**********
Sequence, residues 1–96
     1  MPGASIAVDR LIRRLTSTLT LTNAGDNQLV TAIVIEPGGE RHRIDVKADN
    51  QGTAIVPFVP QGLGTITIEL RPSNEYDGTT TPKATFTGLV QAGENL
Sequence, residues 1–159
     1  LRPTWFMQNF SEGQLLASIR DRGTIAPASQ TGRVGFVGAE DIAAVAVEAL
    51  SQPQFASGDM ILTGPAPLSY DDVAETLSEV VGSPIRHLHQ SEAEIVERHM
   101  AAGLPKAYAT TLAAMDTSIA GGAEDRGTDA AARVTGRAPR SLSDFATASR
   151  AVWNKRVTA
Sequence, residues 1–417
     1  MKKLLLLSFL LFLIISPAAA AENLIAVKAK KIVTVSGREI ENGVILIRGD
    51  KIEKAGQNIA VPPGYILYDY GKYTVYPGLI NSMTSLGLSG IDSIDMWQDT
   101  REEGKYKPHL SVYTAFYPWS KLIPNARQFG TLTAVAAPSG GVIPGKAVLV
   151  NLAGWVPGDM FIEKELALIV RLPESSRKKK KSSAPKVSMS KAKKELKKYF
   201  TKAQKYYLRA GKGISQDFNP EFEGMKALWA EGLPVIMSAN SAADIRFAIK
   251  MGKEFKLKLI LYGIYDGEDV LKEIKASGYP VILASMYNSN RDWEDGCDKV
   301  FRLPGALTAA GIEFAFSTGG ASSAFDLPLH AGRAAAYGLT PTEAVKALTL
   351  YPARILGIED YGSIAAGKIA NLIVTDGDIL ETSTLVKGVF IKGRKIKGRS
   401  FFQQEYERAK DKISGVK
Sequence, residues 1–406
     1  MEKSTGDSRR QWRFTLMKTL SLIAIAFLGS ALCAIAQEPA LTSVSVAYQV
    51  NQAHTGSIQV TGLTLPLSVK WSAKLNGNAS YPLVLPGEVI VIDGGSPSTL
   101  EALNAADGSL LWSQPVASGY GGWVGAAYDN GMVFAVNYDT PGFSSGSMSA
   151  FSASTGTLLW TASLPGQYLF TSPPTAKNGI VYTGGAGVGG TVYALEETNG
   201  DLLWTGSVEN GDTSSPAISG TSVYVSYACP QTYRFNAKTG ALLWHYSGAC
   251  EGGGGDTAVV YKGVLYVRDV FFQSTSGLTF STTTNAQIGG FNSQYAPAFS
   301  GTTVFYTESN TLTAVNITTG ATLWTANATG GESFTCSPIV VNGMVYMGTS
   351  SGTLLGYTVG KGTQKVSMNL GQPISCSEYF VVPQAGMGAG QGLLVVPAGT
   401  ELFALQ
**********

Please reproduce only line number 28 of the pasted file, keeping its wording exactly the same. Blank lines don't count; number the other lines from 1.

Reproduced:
   401  ELFALQ